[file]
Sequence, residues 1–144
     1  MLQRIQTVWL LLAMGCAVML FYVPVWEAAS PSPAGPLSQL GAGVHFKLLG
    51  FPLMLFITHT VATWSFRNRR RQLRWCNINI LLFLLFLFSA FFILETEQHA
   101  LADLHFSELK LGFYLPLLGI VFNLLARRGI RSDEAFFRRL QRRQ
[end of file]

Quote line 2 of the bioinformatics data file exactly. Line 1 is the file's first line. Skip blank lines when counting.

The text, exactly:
     1  MLQRIQTVWL LLAMGCAVML FYVPVWEAAS PSPAGPLSQL GAGVHFKLLG